Conservative bioethics takes “dignity” for a spin in a disquieting new report.
Scientific advances that alter minds and bodies in novel ways can make people uneasy. The President's Council on Bioethics has become a forum for the airing of this disquiet, and the concept of "dignity" a code word for addressing it. This body recently released a 555-page report, and what it reveals should alarm anyone concerned with American biomedicine and its promise to improve human welfare. The May 2008 issue of The New Republic spells it out: this brand of government-sponsored bioethics does not want medical practice to maximize health and flourishing; it considers that quest to be a bad thing, not a good thing.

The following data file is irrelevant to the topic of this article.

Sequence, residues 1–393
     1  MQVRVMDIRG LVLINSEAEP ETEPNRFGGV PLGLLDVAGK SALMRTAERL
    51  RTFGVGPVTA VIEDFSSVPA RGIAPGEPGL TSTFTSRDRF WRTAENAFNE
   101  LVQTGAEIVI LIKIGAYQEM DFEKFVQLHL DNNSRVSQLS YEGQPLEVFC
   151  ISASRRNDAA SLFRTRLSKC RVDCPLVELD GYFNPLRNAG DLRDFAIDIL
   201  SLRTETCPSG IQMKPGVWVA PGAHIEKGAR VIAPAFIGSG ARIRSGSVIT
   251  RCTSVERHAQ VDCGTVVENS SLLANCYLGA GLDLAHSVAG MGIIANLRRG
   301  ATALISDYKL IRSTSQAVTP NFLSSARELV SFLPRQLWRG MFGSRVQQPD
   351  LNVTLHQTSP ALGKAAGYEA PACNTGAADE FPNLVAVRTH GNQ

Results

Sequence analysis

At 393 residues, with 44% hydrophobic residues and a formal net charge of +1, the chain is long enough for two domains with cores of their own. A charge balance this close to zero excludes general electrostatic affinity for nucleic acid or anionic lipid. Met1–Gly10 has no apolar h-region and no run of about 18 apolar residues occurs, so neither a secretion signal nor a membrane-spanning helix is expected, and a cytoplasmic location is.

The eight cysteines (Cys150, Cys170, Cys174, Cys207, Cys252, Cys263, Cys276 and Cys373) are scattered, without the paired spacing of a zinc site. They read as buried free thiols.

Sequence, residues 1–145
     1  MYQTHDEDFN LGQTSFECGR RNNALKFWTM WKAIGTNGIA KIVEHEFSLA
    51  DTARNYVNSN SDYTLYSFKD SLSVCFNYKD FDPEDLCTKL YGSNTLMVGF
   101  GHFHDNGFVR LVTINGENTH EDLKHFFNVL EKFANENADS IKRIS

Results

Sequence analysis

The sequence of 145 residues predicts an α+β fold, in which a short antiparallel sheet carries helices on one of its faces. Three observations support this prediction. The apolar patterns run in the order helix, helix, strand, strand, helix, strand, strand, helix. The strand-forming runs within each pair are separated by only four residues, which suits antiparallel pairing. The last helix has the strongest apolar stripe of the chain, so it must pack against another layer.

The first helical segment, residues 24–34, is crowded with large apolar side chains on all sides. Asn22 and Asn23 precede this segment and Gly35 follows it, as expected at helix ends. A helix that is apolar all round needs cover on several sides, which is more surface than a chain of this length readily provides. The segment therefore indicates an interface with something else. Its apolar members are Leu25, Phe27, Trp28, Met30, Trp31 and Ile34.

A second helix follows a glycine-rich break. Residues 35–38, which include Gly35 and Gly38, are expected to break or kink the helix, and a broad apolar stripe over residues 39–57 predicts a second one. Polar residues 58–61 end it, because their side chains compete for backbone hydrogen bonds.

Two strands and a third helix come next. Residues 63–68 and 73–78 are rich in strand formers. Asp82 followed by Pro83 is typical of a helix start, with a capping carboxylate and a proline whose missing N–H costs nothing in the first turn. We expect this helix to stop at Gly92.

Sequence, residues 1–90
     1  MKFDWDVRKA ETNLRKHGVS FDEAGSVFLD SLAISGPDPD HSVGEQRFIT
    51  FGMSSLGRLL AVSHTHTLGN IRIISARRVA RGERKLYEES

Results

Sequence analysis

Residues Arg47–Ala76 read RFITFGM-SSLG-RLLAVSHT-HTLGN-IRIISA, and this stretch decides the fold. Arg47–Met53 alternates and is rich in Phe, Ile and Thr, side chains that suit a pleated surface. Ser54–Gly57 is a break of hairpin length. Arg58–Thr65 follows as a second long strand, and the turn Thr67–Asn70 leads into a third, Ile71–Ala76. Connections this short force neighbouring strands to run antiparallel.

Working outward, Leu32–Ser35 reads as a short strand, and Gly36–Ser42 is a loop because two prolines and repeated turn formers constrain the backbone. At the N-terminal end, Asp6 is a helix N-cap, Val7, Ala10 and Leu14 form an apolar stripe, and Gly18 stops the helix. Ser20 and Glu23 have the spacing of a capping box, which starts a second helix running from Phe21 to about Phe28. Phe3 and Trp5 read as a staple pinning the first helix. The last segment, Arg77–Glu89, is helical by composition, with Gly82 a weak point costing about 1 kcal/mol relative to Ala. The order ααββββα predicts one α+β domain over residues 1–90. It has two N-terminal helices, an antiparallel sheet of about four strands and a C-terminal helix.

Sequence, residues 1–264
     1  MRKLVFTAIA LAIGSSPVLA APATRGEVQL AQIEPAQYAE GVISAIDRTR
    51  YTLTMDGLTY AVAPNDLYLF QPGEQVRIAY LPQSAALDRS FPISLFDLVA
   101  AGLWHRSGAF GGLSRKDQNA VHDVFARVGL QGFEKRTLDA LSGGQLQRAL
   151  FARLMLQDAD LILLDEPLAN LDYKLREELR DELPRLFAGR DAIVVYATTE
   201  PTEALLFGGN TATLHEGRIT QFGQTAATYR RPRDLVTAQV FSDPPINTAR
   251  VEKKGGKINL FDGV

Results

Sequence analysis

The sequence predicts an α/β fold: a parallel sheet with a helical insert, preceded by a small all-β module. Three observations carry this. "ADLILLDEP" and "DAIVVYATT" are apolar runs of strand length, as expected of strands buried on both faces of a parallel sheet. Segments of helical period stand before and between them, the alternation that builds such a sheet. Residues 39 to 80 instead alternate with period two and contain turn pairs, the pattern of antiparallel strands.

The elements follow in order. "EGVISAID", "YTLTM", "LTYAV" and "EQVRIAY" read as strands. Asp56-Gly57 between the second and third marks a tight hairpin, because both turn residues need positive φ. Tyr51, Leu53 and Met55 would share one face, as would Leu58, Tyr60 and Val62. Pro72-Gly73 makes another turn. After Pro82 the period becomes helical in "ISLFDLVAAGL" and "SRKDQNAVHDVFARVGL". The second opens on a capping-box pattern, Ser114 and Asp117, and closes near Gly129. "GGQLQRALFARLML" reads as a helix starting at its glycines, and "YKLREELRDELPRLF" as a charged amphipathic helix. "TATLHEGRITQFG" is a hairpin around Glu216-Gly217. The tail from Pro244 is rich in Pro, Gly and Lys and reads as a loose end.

Although the Dignity report purports to be based on universal moral concerns, it springs from a movement to impose a radical political agenda, fed by fervent religious impulses, onto American biomedicine. How did the United States, the world's scientific powerhouse, reach a point at which it grapples with the ethical challenges of twenty-first-century biomedicine using Bible stories, Catholic doctrine, and woolly rabbinical allegory? Read the article, note the credentials (better, the incredentials) of the report’s contributors, and laugh…or weep.